Grumpkins

Conversations with Otto Arundel

An ongoing series

“So, Bermejo. You seem well-versed in lore and such.”

“Bards often take inspiration from history, Otto. You never know when a tiny detail from some ancient battle will make for a delightful song.”

“Right. So, I was thinking.”

“…”

“Your past is my future.”

“…”

“Events that were ahead of me are behind you. Behind me, too, now, I suppose. Except I don’t remember any of it because I wasn’t there.”

“You want to know what has happened since you were banished.”

“Exactly!”

“And that was in the Year of the… Riven Skull, I believe?”

RIVEN SKULL, yeah! That was a great year for me.”

“Until you were banished.”

“Look, just tell me what I missed, all right?”

“Okay, Otto. The first thing you need to know is that in the time you've been gone, Faerûn has been through three world-shaking cataclysmic events: the Time of Troubles, the Spellplague, and the Sundering. These were all very, very bad.”

“Do any of those involve Tyr? He’s the god that grants me divine power. He must still be around, because, as you have seen, my mighty blows are imbued with Tyr’s holy strength!”

“… sure. Now, listen. Let’s begin with the Time of Troubles — also known as the Fall of the Gods, or the Godswar. This all began in the Year of Shadows, which came about a hundred years after you were banished. For the rest of us, it was a hundred and thirty years ago.”

“…”

“So the Time of Troubles started when Lord Ao, the Overgod, cast all the other gods down from the heavens and sentenced them to walk amongst the mortals.”

“So Tyr came to Toril? That’s awesome! Did you meet him?”

“…”

“Oh, right, you’re not a real elf, I keep forgetting. You have that scruffy beard and everything.”

“Also, I’m twenty-one years old.”

“You’re saying you didn’t meet him.”

“Listen. The Time of Troubles was a time of great upheaval. Magic went wild, the existing order was shattered, gods died, and new gods rose. You know Bane, the god of tyranny?”

“I am sworn to oppose him!”

“Indeed. So Bane and Torm slew each other in battle.”

Torm? No! Some of my best buds worship Torm!”

“And you know Bhaal, God of Murder?”

“His followers are the worst! My order is devoted to their destruction.”

“He was — who could have predicted? — murdered. By a mortal.”

“It must have been a great hero who did the deed! Was it a Knight of Samular? Surely it was! Only a Knight of Samular could take down Bhaal!”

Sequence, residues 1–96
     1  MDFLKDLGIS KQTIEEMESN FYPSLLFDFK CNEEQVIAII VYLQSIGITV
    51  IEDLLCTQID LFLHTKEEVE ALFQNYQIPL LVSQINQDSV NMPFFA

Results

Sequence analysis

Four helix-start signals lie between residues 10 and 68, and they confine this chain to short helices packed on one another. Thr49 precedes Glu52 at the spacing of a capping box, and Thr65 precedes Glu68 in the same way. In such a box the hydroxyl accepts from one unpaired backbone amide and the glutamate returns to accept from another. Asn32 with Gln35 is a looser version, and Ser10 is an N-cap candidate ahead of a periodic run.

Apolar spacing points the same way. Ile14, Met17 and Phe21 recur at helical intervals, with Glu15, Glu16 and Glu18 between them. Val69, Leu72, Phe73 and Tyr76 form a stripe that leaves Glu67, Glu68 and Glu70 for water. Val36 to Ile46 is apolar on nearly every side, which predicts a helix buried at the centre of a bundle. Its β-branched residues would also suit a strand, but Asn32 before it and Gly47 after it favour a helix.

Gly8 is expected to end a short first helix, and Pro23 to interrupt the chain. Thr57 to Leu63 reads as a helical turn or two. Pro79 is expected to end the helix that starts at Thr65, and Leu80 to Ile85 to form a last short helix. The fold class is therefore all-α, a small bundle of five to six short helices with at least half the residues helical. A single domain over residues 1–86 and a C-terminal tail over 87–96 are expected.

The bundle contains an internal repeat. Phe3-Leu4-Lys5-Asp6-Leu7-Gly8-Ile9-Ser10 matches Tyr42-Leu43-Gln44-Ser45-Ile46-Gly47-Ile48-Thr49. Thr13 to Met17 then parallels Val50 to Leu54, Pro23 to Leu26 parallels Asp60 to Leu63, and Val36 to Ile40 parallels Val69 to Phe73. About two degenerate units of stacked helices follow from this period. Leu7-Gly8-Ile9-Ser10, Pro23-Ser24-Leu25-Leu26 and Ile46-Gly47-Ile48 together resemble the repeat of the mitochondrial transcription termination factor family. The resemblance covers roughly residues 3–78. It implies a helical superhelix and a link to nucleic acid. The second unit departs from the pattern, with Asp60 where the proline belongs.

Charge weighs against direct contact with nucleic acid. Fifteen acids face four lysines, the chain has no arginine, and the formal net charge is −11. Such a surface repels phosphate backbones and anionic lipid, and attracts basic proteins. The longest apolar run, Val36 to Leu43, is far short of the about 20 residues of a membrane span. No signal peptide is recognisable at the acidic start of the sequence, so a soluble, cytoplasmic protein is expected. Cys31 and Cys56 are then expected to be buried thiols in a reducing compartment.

“Actually, it was a human thief from the streets of Zhentil Keep. His name was Cyric. He slew Bhaal with the legendary sword Godsbane, and took over as the new Lord of Murder. Then he killed Leira, The Lady of Deception, and stole her powers as well.”

“Hold. You’re telling me a mortal became a god?”

“Cyric wasn’t the only one. Lady Kaitlin Tindall Bloodhawk, leader of a small band of mercenaries, prevailed against overwhelming odds and turned back an invading horde of goblinkind, saving the nation of Tethyr from utter annihilation. Her skill and valor were so great that the Lord of Battles raised her to godhood, and she became the Red Knight, Goddess of Strategy.”

“Was she hot? She sounds hot. ‘Lady Kaitlin Tindall Bloodhawk’ — how could you not be hot with a name like that? Oh, man, can you imagine what it must be like to fuck a god?”

“Well, that happened too. Bhaal had foreseen his own death, so before he was killed, the Lord of Murder lay with countless mortal females and sired scores of progeny, all of them infused with his divine essence. One of the Bhaalspawn, Sarevok, planned to ascend to godhood himself, and almost caused a war between Amn and Baldur’s Gate before he was stopped. It’s a famous tale around these parts. Many great songs have been written about it.”

“Fine, fine. But what of Tyr? Tell me of Tyr, bard!”

“Well — in your time, you probably knew him as Tyr the Evenhanded, yes?”

“Indeed! Or ‘Tyr Grimjaws’ — I like that one. Or ‘The Lord of Justice.’ That’s my favorite. ‘BOW DOWN BEFORE THE LORD OF JUSTICE, VARLET!’”

“Uh-huh. So, the thing is, these days, most people know Tyr as ‘The Maimed God.’”

“… what?”

“That’s because his sword hand was bitten off during the Time of Troubles. By Kezef the Chaos Hound.”

WHAT?”

“Also, he was blinded. He dared to question the justice of the Overgod’s decree, so Ao gouged out his eyes.”

WHAT???”

“Later, during the Spellplague, Cyric tricked Tyr into killing his friend and ally, Helm, god of watchfulness. After that, Tyr lost all faith in his ability to lead his worshippers, and abdicated his godhood.”

“…”

“Having shed his divine essence, Tyr died fighting off a demonic invasion of the upper realms.”

“…”

“There, there Otto. It was a heroic death. The stuff of legend. I’ll sing you a song of it sometime.”

“…”

“… oh, also, he got better. Did I forget to mention that? Yes, Tyr returned to the Realms during the Sundering. Remember, the Sundering? I mentioned it earlier.”

“… Tyr’s not dead.”

“Not anymore, no.”

“… he’s still the God of Justice.”

“He is.”

“Oh thank the gods. I mean… you know what I mean.”

“I do, actually. Take heart, Otto. There may be a lesson in there for a young squire such as yourself.”

“Knight.”

“Knight, of course.”

“I’m just so happy my god is back! Now that I think about it, what could be better than that? That’s so badass. Back from the dead! Tyr! And good as new, yes? He got his hand restored and his eyes restored and he’s ready to go out and kick the ass of those demons that took him down!"

“Oh no. No, Otto, I’m afraid not.”

“Explain yourself.”

“‘The Maimed God,’ remember? Also known as ‘Blind Tyr.’ Nowadays, his faithful are known to wrap a strip of cloth over their eyes to remind others of the blindness of justice.”

“… I’m not doing that.”

“That’s between you and your god, Otto.”

“… stupid mind flayers.”

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